The reportedly edited comments in the documentary sparked a backlash in media and the Catholic Church, which teaches that homosexual acts are “contrary to the natural law,” and should “under no circumstances” be approved.

Pope Francis himself previously wrote in his 2016 encyclical Amoris Laetitia that “There are absolutely no grounds for considering homosexual unions to be in any way similar or even remotely analogous to God’s plan for marriage and family.”

A number of Catholic leaders condemned the message of the remarks. Providence, Rhode Island, Bishop Thomas Tobin called for Pope Francis to clarify his reported comments Wednesday.

“The Pope’s statement clearly contradicts what has been the long-standing teaching of the Church about same-sex unions,” Tobin said in a statement. “The Church cannot support the acceptance of objectively immoral relationships.”

“Individuals with same-sex attraction are beloved children of God and must have their personal human rights and civil rights recognized and protected by law,” Tobin continued. “However, the legalization of their civil unions, which seek to simulate holy matrimony, is not admissible.”

From Rome, Cardinal Raymond Leo Burke issued a Thursday statement warning that Pope Francis’s declarations “generate great bewilderment and cause confusion and error among Catholic faithful, inasmuch as they are contrary to the teaching of Sacred Scripture and Sacred Tradition, and of the recent Magisterium by which the Church guards, protects and interprets the whole deposit of faith contained in Sacred Scripture and Sacred Tradition”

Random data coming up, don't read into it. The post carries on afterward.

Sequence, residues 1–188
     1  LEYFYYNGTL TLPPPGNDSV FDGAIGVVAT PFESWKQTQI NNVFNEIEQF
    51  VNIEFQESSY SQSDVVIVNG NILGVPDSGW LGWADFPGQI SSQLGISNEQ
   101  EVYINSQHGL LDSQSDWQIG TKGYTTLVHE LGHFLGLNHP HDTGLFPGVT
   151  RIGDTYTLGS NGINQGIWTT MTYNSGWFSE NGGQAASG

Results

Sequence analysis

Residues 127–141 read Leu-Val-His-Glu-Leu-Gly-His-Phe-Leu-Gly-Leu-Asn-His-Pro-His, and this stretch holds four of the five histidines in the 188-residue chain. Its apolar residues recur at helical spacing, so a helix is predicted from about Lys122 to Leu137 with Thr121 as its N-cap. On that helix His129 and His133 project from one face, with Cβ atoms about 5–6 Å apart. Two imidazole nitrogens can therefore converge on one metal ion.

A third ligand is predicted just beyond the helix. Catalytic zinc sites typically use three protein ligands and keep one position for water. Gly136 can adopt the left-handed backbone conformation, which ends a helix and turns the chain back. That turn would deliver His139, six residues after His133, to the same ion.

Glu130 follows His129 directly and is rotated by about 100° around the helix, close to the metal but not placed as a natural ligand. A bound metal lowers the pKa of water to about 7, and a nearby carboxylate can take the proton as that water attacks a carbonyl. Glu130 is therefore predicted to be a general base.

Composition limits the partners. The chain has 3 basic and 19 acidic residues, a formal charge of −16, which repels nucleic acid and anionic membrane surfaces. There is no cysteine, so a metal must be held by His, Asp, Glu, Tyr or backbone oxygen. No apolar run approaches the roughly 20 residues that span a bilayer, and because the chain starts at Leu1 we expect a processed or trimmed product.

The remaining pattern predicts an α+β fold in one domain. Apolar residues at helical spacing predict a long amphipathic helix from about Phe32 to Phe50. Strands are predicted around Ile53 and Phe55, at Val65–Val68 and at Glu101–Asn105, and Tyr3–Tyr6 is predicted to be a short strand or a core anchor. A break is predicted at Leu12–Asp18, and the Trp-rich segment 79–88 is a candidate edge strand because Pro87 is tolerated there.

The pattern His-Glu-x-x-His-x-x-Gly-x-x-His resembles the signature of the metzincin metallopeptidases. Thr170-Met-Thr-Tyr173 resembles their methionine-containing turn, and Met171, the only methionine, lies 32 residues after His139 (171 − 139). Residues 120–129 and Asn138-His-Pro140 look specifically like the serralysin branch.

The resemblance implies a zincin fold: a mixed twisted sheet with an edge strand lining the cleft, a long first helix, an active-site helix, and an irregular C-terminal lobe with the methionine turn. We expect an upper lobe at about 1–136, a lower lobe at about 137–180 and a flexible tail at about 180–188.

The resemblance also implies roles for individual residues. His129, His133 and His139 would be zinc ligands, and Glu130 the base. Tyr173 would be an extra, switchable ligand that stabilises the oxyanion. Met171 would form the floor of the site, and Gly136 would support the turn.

“Equally sad and concerning is the turmoil, confusion, and error they cause among the Catholic faithful, as is the scandal they cause, in general, by giving the totally false impression that the Catholic Church has had a change of course, that is, has changed its perennial teaching regarding such fundamental and critical questions,” he said.

Archbishop Carlo Maria Vigano, the Holy See’s former ambassador to Washington and an outspoken critic of Pope Francis, said Wednesday that the statements, as reported by the media, are “totally heterodox and constitute a very serious cause of scandal for the faithful.”

Vigano warned that Pope Francis, whom Vigano addresses using the pope’s former name of Jorge Mario Bergoglio, is purposefully causing division in the Catholic Church.

“It appears that Bergoglio is impudently trying to ‘raise the stakes’ in a crescendo of heretical affirmations, in such a way that it will force the healthy part of the Church — which includes bishops, clergy, and faithful — to accuse him of heresy, in order to declare that healthy part of the Church schismatic and ‘the enemy of the Pope,’” Vigano wrote.

Progressive Catholic clergy defended the pope and insisted that his words were misinterpreted, though others like Jesuit priest James Martin praised the step as a “major step forward in the church’s support for LGBTQ people.”

“Pope Francis strongly and consistently teaches that marriage is between a man and woman for a lifetime and that this is God’s plan for having and raising children,” Cardinal Sean O’Malley said in a Thursday statement.

“The Pope’s endorsement of civil unions is not an endorsement of homosexual activity,” O’Malley continued. “Just as the Church does not campaign against civil laws that allow for common-law marriage or second marriages that are not sacramental, even though such arrangements can be in violation of the laws of the Church, the Holy Father recognizes that in civil society there can be cogent reasons to enact such laws providing for civil unions which are not the same as the institution of marriage.”